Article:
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May 2020

Open With Caution. After China lifted its social distancing rules, the UNESCO world heritage site of the Huangshan mountains in Anhui province was flooded with visitors and was eventually closed back temporarily in March. Meanwhile, the Forbidden City has been reopened but visitor numbers are restricted to 5,000 a day.

Museums Take the Hit. As Singapore was hit by a second wave of coronavirus, its museums have been closed since beginning of March. On April 22, 2020, The Metropolitan Museum of Art laid off more than 80 employees, after it revised its budget to address the pandemic, expecting its losses to reach $150 million. Meanwhile, in Germany, museums are preparing to reopen with strict social and hygiene measures in early May. In France, “small museums” will be reopened starting May 11.

Rent! While landlords in Dubai’s Alserkal Avenue arts district waived rent for the next three months, New York galleries which closed amidst the COVID-19 pandemic now seek rent relief and started petitions to #cancelrent.

Going Online. As the British Museum launched its newly revamped online catalogue, it mistakenly credited “Her Hakki Mahfuzdur”, the Turkish term for “all rights reserved”, as Turkey’s largest producer of postcards. This week, the Museum also launched its new platform CircArt, identifying possible provenance issues regarding pre-Islamic antiquities from Egypt and Sudan.

Surveying the Arts. According to an early survey by Americans for the Arts, financial losses to the US nonprofit arts sector are estimated to be $4.5 billion as of April 6. More recently, Artist Relief estimates that 95 percent of artists reported loss of income due to the pandemic.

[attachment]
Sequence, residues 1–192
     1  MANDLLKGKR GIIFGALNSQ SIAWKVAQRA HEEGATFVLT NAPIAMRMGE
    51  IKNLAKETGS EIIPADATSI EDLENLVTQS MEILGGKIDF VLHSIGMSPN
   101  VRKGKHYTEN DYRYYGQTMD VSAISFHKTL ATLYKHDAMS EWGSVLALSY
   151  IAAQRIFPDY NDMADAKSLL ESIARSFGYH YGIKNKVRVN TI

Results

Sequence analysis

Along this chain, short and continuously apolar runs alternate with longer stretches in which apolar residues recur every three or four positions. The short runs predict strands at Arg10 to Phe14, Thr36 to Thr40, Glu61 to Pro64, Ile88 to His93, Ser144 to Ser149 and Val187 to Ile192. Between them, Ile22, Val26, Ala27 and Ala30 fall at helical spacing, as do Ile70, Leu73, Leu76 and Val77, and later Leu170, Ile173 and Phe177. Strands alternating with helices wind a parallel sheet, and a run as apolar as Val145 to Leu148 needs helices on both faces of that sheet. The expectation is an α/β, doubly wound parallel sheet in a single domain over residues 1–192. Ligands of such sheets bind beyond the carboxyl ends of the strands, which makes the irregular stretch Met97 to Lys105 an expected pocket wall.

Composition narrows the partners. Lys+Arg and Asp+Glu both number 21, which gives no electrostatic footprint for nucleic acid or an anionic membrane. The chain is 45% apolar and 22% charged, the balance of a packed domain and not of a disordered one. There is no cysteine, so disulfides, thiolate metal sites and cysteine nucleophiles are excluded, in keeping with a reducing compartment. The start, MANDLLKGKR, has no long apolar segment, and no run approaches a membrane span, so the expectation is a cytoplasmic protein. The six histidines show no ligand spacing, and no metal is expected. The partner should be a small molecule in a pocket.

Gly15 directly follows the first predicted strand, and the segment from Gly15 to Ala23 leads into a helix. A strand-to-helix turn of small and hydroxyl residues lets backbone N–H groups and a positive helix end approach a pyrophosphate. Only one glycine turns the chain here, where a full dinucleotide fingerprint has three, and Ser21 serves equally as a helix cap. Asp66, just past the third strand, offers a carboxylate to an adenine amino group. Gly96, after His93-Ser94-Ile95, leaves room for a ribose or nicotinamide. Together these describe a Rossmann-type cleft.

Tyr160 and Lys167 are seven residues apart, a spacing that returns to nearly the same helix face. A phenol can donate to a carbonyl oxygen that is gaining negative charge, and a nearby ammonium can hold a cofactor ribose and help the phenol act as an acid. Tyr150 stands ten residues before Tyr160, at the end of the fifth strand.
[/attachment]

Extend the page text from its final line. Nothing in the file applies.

Moral Rights, Anyone? A Brooklyn-based art collective purchased a Damien Hirst print for $30,000 and cut out its dots to sell them for $480 each, along with its hollowed-out frame “88 Holes,” as an act of protest against fractionalized art investments.

Smugglers Go Online. The Antiquities Trafficking and Heritage Anthropology Research (ATHAR) Project reported a surge in offers for looted antiquities over Facebook in the wake of COVID-19, pointing to the vulnerability of cultural sites during times of crisis.

Thou Shall Not Steal. Mid-April, Oxford papyrologist Dirk Obbink was arrested for allegedly selling 13 fragments of biblical fragments excavated from Egypt to Steve Green, President of the arts and crafts chain Hobby Lobby and Chairman of the Museum of the Bible in Washington, DC. The Museum has announced that it will return 11,500 pieces with dubious provenance to Iraq and Egypt.

Please Don’t Stop The Music. The London police stopped Sotheby’s auctioneer Helena Newman from playing concerts with her family’s string quartet in front of their West London home, fearing that the concert encourages neighbors to break the lockdown to watch from the street. Andrew Lloyd Webber started screening his musicals to keep people at home and mesmerized.

Russian Lore Trove. Art historian Andrey Sarabyanov discovered dozens of works by avant-garde Russian artists such as Kandinsky,  Rodchenko, and others in the basement of the Yaransk Museum of Local Lore in Russia.

Save the murals.Battle to save concrete Picasso muralsin Oslo intensifies after MoMA steps in. “Workers at the Y-Block site have started drilling, but it’s worrying as once they start moving the mural, it will crack,” says co-creator’s daughter.

Webcam Photos. An artist used screenshots from a video feed to document Italy’s deserted streets. Now the webcam company responsible is demanding payment. The company, SkylineWebcams,is seeking €2,100 after Radisic used 40 of its images.